Daniel Garber (1880-1958)
Daniel Garber (1880-1958)


Daniel Garber (1880-1958)
signed 'Daniel Garber' (lower left)--signed again and inscribed with title (on the reverse)
oil on canvas
30¼ x 30 in. (76.8 x 76.2 cm.)
Painted in 1935.
The artist.
Gordon McCormick, New York, acquired from the above, August 1946.
Miss Marguerite Vollmer, New York, acquired from the above, 1946.
Christie's, New York, 1 December 1984, lot 192.
Newman & Saunders Galleries, Wayne, Pennsylvania, acquired from the above.
[With]Barbara Lentx, Bucks County, Pennsylvania.
Private collection, Connecticut, acquired from the above, circa 1986.
D. Wigmore Fine Art, Inc., New York.
Acquired by the present owner from the above, November 1986.
D. Garber, Artist's Record Book I, p. 53, lines 25-30.
Hollis Taggart Galleries, Daniel Garber Catalogue Raisonné, compiled by Lance Humphries (with an introduction by Kathleen Foster), New York, 2006, p. 240, no. P 665, illustrated.
Pittsburgh, Pennsylvania, J.J. Gillespie, n.d.
South Hadley, Massachusetts, Mount Holyoke Friends of Art, Dwight Art Memorial, Paintings by Daniel Garber, September 21-October 21, 1936.
Chestnut Hill, Pennsylvania, Woodmere Art Gallery, Exhibition of Paintings, Drawings and Prints by Daniel Garber, N.A., November 1-22, 1942.

Lot Essay

In 1906, shortly after the birth of their first child, Tanis, Daniel Garber and his wife Mary were given a country home in Bucks County, Pennsylvania by Mary's father. Their house, which they named Cuttalossa, served as their summer residence for the next decade and became their permanent home when they sold their house in Philadelphia during the 1920s. Right from the outset of his habitation there, Garber explored up and down the surrounding valleys that bordered on the Delaware River from New Hope to Frenchtown. He came to know well the countryside's rolling terrain and bodies of water. By the 1930s when Garber painted Bayou, the artist had already mastered many of the techniques he would use throughout the remainder of his career, namely his focus on composition at the expense of a strict transcription of the view before him. Painted in 1935, Bayou is a prime example of Garber's complete control in capturing the luminous effect of light on atmosphere and landscape.

Garber received his initial artistic training at the Art Academy of Cincinnati and later at The Pennsylvania Academy of the Fine Arts, studying under William Merritt Chase and Cecilia Beaux. The most significant influence during Garber's early career, however, was his study in Europe from 1903 to 1905: "[Garber], during a year of study in Paris, was influenced by the European Impressionists. From this exposure to these masters, Garber honed his skill at representing sunlight and derived his use of lively pastel colors." (Beacon Hill Fine Art, An American Tradition: The Pennsylvania Impressionists, exhibition catalogue, New York, 1995, p. 18)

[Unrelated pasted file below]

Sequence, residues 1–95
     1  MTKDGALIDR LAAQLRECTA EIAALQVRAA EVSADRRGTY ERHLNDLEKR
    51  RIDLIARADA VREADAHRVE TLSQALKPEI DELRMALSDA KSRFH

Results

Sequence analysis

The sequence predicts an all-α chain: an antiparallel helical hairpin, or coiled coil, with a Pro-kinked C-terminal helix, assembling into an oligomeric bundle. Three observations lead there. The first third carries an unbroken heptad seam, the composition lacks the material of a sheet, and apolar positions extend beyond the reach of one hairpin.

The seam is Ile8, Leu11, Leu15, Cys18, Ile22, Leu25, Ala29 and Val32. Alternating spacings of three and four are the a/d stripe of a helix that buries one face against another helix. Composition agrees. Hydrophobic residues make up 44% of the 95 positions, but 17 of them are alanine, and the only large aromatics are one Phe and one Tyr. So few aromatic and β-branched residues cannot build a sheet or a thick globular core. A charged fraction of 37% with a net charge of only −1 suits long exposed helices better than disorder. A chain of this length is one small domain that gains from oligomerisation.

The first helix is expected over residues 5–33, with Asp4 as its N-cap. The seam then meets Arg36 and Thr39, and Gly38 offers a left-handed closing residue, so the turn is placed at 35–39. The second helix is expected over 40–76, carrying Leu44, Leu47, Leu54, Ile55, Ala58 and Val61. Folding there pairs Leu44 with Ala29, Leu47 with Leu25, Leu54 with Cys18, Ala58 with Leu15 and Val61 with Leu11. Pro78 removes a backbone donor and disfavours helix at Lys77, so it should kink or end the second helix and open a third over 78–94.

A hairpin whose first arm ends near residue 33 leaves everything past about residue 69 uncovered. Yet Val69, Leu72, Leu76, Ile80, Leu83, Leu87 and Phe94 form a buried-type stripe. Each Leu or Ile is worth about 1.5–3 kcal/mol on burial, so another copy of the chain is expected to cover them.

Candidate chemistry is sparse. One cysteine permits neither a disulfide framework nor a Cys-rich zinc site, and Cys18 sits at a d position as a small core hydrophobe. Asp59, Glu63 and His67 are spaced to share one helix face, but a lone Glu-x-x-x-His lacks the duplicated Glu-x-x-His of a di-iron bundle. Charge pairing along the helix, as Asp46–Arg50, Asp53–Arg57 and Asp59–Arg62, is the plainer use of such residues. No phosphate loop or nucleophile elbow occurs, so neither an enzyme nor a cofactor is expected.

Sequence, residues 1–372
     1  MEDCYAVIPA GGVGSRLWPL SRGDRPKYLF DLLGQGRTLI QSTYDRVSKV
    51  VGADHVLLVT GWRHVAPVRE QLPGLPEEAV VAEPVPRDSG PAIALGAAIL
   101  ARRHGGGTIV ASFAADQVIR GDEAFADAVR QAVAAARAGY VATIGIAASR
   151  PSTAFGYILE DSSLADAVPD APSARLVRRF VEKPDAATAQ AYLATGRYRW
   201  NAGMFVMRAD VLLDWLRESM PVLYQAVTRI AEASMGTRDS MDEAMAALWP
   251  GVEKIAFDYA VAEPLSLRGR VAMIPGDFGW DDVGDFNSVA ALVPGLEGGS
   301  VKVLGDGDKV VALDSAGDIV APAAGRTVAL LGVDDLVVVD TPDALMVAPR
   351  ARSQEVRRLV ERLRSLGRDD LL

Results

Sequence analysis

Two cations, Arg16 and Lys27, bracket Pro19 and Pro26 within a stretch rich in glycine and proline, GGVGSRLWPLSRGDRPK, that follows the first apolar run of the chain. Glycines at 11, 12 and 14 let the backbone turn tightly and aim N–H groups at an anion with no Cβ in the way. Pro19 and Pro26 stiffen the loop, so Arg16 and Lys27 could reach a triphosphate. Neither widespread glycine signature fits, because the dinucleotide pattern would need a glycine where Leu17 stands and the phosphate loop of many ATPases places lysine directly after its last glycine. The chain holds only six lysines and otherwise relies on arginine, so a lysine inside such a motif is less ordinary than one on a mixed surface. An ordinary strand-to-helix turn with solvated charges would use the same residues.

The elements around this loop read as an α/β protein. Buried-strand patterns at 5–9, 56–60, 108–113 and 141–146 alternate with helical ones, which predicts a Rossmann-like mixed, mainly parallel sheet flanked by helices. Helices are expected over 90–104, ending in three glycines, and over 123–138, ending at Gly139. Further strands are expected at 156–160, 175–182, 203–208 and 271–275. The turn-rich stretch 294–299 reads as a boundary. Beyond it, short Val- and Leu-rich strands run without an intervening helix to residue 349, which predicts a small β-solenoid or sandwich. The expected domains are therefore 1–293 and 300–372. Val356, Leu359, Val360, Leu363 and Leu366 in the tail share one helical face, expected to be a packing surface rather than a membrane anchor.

Although he adopted techniques of French Impressionism, Garber rejected the idea of painting a fleeting moment in time. His subject matter was structured on reality tempered by artistic license that was conservative and classical. In a 1922 interview Garber elaborates: "My work is different, perhaps, from that of the general landscape painter in that I have a mass of detail in the mass. After all, one's job is to get everything in and yet keep it all as a whole, like an orchestra--everything working in harmony to produce one feeling or emotion." (as quoted in Hollis Taggart Galleries, Daniel Garber Catalogue Raisonné, compiled by Lance Humphries, New York, 2006, p. 88)

By the 1920s, Garber increasingly began to portray local subjects. The titles of his paintings clearly identify them as depicting specific locales, among them views of the Schuylkill and Delaware rivers. These paintings are uniquely American in approach. "A Frenchman passing through Buffalo observed upon seeing [Garber's] canvas that he painted 'American landscapes that the artists of no other country can compare with. They obtain the spirit of this country...they have seldom been equaled.'" (as quoted in Daniel Garber Catalogue Raisonné, p. 116)

Bayou masterfully portrays an afternoon sun diffusing through autumn trees and dappling the river stream with hints of a clear blue sky above. This subtle modulation of color and reflected light on the serene surface of the water, combined with the gentle hand of man's intrusion with boats resting lazily along the water's edge, creates a sense of a leisurely movement and evokes the tranquil passage of time.

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